Following the Denmark experience, Obafemi returned to his club but the fairytale story would hit its first of, no doubt, many twists and turns, as the striker picked up a serious hamstring injury, which has ruled him out for the rest of the season.
Yet the Ireland experience has created a bond with the Ireland captain who sent him his best wishes following the injury that has halted Obafemi’s rise through the ranks.
"With my injury that just happened, he sent me a message as well, which was good of him. Checking out if I was okay and if I needed anything just to give him a message or just call."
With a comeback target of mid-May, the current Premier League season has been written off for Obafemi, yet there is an outside chance of the teenager, who does not turn 19 until July, proving his fitness for Ireland’s next European qualifying encounter in early June.
"There was surgery on the cards, but the way my hamstring is healing, they think surgery is not needed, so I am happy for that.
"When I come back from this injury in the middle of May, I am going to go away to a training camp to get myself as fit as possible, and make sure I can deal with the demands of pre-season to get back into the team.
"I don’t think [the Ireland matches] have been taken off the table yet, but I think the main focus at the moment is pre-season.
"It might be a bit too soon, so we will have to wait and see."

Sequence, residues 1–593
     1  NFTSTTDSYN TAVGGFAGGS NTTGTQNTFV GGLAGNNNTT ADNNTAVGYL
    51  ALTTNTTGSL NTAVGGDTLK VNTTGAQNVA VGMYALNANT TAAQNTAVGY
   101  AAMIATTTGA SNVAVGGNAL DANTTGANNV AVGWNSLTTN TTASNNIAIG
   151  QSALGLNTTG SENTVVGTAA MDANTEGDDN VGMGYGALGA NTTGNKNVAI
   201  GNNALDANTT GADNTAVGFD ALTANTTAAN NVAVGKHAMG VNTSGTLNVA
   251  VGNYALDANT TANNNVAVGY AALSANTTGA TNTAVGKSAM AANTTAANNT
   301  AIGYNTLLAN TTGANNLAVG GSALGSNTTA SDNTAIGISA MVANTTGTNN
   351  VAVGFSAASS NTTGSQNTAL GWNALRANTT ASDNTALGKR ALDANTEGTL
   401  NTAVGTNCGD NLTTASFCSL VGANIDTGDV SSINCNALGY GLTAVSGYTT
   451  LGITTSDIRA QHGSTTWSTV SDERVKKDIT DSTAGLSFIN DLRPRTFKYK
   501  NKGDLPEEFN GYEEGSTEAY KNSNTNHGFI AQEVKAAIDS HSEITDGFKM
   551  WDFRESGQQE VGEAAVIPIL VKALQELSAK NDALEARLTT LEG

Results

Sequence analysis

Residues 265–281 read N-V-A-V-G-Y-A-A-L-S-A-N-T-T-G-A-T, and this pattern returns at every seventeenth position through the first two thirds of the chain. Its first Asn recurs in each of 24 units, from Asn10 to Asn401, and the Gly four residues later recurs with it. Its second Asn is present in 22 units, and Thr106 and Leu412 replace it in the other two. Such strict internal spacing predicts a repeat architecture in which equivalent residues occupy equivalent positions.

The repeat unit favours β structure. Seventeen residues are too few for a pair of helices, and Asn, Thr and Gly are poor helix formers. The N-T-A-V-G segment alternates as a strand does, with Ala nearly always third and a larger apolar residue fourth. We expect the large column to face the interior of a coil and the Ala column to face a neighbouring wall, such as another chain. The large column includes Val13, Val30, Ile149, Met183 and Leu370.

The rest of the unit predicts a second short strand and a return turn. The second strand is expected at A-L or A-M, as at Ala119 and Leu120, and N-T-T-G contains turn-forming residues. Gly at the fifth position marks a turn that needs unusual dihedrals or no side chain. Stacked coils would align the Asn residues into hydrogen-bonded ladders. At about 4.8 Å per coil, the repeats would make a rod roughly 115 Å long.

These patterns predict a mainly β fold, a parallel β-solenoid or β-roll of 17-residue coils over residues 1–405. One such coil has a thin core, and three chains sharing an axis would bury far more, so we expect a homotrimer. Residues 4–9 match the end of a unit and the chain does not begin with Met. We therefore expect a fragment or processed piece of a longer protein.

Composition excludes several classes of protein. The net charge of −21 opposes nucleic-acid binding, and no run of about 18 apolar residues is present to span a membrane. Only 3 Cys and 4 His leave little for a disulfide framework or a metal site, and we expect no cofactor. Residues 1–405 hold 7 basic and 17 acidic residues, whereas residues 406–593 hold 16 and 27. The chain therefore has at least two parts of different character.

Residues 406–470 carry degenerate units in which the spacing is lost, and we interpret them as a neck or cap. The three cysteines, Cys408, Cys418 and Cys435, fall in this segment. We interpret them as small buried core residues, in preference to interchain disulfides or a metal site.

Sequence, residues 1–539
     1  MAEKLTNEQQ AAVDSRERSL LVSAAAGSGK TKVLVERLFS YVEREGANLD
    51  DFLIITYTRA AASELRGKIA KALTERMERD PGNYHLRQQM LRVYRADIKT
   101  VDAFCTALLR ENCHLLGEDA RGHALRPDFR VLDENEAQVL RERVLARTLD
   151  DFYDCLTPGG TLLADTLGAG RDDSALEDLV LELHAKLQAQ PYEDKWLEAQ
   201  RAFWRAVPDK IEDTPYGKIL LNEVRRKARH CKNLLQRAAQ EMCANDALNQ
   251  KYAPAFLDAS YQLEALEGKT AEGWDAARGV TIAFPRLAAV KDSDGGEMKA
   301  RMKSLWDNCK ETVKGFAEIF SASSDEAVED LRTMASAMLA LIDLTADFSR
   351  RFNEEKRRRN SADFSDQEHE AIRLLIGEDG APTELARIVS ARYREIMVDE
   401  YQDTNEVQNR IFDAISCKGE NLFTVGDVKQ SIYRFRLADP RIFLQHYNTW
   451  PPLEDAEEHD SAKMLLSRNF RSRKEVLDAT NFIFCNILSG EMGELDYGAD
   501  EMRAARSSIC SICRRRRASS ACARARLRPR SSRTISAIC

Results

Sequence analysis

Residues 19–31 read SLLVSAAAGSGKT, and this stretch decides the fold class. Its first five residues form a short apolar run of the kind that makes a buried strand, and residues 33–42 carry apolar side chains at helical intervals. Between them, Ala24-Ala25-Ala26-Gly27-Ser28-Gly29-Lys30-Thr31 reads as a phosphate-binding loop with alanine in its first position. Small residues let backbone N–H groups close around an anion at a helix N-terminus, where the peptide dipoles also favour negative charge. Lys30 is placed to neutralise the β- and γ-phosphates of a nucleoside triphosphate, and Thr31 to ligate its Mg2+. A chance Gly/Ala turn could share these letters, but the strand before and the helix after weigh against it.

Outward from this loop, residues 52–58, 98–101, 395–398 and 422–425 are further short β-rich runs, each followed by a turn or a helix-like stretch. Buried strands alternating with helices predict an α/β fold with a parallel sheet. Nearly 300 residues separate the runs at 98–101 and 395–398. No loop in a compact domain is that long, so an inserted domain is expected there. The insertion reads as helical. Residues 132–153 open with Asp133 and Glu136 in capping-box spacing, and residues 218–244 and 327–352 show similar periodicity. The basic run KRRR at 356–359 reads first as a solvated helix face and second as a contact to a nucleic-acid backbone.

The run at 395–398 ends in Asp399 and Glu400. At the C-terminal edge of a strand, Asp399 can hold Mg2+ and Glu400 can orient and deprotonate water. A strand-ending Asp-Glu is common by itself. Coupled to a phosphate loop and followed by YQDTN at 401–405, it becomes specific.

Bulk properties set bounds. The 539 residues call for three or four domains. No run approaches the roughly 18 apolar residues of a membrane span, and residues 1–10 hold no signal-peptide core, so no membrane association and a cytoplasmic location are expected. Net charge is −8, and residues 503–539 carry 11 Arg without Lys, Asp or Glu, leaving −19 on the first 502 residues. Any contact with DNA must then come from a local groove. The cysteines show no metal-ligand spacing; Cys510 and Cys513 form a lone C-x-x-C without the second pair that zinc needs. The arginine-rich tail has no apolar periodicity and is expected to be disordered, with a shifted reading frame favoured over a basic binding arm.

Ireland, of course, got their Euro 2020 campaign off to a winning start with victories over Gibraltar and Georgia, and with Obafemi ruled out through injury, the player revealed that he had not spoken to Mick McCarthy yet, but expected to do so in the near future.
"I haven’t spoken to Mick McCarthy yet, but I think that it is a conversation waiting to happen."
Two major milestones in the very early stages of life as a professional footballer, and two very different memories from his debuts for both club and country.
"It was very surreal, because that was the first big crowd that I played in front of. I was warming up and [Mauricio Pellegrino] called me over and I said, ‘aw sh*t’!" recalled Obafemi.
"But when I was on the pitch, I was at ease and it was like a normal football match, and then the chance came, and I missed... But it is definitely going to be one of my favourite football memories."
Obafemi’s debut for Ireland lasted ten minutes, and while used to the big game experience at that stage, the striker’s first word uttered when asked to recall his emotions certainly reflected the concept of northern Denmark in November.
"Cold," laughed Obafemi.
"It was my first cap, which was unreal, and I got to play against my team-mate Pierre Hojbjerg, who I saw after the game.
"My mother and brother come to every game and I am just thankful for their support. I think I’m making her proud."
And while Obafemi only played for ten minutes under the previous regime, coming on against Denmark in the 80th minute, it was enough time to add a Roy Keane anecdote for any future autobiographies.
"To be fair, I went in thinking I would be scared of this guy, but he is actually a nice guy when you speak to him.
"But I remember one time in the game against Denmark, I lost the ball, and he was screaming at me for ages.
"But it was an honour to meet him and play under him."